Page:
DJI has also been accused by a German retailer of leaking data on Ukrainian military positions to Russia, a claim it rejected as “utterly false.”

President Joe Biden has warned Chinese President Xi Jinping of unspecified consequences for supporting the Russian war effort. But that has not appeared to drive a wedge between the two.

Last week, a U.S. intelligence report citing Russian customs data and other publicly available data said that Chinese equipment is increasingly fueling the Russian offensive. Data showed that China state-owned military contractors supplied $12 million in drones and drone parts to Russia as of March. China refuted the report and has previously criticized claims of its support for Russia as “deliberate smears.”

However, Russian use of Chinese drones—including DJI products—during the war has been well-documented. The Ukrainian side has reportedly used them as well.

The Role of U.S.-China Tensions

It’s possible China’s new drone export restrictions are an attempt to smooth things over with the U.S. amid rising tensions.

The U.S. last year sanctioned Chinese drone companies, preventing them from buying advanced chips and chip-making equipment without a license. China fired back last month, placing controls on two materials crucial to the production of semiconductors.

But the U.S. has been particularly aggressive in restricting Chinese drones.

China is the world’s leading supplier of the technology, and DJI reportedly owns more than half of the American drone market share. The company’s products are particularly popular among U.S. public safety agencies. Some estimates place DJI’s share of the market for U.S. public safety drones as high as 90 percent.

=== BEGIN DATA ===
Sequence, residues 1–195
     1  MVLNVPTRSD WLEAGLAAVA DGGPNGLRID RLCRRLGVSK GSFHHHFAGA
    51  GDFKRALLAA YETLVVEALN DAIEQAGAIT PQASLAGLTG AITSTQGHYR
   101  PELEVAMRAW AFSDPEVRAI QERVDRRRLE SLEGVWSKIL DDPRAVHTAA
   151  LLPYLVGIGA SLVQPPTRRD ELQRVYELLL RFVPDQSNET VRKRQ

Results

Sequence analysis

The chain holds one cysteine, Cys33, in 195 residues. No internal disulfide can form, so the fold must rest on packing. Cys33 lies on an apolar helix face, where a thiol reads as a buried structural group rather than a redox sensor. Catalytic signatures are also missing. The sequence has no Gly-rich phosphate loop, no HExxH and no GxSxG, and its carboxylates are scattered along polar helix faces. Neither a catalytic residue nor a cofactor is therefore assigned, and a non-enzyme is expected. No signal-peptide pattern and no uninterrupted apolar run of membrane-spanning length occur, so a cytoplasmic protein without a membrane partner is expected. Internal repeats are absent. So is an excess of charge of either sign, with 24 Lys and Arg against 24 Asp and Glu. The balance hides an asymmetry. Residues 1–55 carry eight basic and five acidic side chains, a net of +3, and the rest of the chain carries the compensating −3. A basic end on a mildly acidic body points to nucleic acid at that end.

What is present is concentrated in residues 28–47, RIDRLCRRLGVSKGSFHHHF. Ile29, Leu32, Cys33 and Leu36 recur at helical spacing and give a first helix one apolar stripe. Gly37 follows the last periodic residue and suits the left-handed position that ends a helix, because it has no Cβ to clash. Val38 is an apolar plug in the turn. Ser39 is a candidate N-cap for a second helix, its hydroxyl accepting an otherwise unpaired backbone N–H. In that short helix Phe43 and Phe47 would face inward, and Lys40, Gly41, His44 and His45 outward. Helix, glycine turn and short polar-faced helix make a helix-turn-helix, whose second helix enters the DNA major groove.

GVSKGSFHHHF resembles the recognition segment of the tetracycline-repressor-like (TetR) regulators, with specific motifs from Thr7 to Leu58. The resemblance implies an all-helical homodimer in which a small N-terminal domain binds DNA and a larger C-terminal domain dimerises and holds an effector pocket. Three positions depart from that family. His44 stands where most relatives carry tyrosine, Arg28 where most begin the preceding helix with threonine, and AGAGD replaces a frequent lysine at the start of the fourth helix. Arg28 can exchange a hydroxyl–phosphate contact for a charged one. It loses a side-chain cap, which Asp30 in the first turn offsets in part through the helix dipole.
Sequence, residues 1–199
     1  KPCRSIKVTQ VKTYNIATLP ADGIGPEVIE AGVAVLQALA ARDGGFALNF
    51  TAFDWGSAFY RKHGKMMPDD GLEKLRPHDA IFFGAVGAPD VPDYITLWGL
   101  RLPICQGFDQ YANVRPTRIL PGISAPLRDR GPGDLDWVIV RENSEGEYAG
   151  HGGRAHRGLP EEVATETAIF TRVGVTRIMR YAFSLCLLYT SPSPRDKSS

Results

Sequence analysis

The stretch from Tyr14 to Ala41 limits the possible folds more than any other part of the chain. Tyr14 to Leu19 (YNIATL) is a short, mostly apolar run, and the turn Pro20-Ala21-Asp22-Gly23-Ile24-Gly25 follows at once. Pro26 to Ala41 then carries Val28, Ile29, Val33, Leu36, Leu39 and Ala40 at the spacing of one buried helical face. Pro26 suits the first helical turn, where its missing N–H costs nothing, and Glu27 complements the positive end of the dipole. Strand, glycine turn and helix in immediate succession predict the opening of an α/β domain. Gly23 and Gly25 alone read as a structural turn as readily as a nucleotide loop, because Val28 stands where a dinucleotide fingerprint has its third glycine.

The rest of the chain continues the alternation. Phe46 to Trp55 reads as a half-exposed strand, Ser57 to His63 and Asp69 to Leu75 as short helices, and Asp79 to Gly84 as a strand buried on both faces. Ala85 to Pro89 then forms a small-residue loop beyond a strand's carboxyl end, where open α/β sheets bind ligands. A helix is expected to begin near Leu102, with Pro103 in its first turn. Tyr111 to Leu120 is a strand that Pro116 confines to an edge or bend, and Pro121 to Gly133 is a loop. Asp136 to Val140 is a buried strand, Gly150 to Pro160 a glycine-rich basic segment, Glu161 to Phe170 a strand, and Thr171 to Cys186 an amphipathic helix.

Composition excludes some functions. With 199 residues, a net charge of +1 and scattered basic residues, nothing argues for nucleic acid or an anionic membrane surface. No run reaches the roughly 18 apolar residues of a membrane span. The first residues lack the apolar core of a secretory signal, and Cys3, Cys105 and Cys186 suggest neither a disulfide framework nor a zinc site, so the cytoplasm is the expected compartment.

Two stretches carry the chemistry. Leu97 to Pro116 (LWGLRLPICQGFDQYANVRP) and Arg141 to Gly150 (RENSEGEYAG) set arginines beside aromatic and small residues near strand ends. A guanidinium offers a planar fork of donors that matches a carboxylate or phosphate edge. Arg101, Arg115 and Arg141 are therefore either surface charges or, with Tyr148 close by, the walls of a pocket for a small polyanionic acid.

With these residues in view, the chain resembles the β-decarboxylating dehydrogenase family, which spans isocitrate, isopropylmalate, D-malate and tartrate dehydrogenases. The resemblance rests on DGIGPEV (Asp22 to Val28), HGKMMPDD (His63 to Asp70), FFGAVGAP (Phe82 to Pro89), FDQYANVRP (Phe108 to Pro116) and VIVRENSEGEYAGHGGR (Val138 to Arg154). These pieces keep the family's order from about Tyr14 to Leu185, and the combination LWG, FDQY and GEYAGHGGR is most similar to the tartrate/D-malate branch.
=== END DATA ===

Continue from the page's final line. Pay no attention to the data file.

However, concerns that the drones are spying on American citizens and critical infrastructure have materialized in a series of sweeping bans at the federal and state levels.

In 2018, the Department of Defense banned the purchase of all commercial off-the-shelf drones. The following year, it restricted the purchase and use of drones and components made specifically in China, and it added the company to a formal DOD blacklist last fall.

Both the Commerce and Treasury departments have also limited the use of Chinese drones. The former added DJI and other manufacturers to its entity list in 2020, barring U.S. companies from selling them components. The latter, meanwhile, placed DJI and others on its investment blacklist in 2021. Both measures came in response to alleged human rights abuses involving the use of drones to surveil Uyghur Muslims in China.

In addition, Florida, Arkansas, Mississippi, and Tennessee have all introduced bans on the use of Chinese drones by public agencies, including law enforcement. And in April, House Republicans introduced a bill called the Countering CCP Drones Act that would effectively ban all consumer, enterprise, and military sales of DJI products.

The new restrictions in China could further hamper DJI and other Chinese manufacturers. To comply with the new controls, some companies may need to modify or fully remove certain features, such as high-powered sensors and cameras.

Although the restrictions are designed to reduce the possibility of DJI products finding their way onto the battlefield, U.S. law enforcement agencies have mixed feelings. Many worry about the impact of removing the drones from their fleets without immediate replacements, while others claim the cost and performance of Chinese models are far superior to approved alternatives.